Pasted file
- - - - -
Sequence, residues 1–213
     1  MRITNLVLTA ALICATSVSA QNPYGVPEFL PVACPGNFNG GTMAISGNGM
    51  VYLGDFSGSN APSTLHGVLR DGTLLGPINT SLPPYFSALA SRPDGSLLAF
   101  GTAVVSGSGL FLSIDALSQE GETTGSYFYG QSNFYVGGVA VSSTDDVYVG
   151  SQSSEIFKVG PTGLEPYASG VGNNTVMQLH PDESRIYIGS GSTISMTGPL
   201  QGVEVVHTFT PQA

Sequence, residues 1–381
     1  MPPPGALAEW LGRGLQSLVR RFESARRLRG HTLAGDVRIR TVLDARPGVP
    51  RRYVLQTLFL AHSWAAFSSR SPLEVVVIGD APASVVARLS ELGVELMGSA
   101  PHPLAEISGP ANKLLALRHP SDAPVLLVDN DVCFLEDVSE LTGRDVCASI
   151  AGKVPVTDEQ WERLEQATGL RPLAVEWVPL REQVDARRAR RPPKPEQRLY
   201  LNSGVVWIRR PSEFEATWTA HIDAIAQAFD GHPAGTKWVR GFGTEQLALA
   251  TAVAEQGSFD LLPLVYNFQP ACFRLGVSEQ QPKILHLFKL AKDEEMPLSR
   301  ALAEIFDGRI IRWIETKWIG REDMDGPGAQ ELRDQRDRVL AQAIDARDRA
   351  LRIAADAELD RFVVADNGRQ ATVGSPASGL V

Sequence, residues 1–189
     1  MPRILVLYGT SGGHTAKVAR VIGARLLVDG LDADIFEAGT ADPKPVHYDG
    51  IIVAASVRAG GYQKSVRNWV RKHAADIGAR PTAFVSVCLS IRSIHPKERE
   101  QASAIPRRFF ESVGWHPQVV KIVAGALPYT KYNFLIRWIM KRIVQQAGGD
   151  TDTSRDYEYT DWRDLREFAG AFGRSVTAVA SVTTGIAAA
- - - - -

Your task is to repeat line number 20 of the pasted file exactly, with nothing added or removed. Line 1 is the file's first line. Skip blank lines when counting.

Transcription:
   151  TDTSRDYEYT DWRDLREFAG AFGRSVTAVA SVTTGIAAA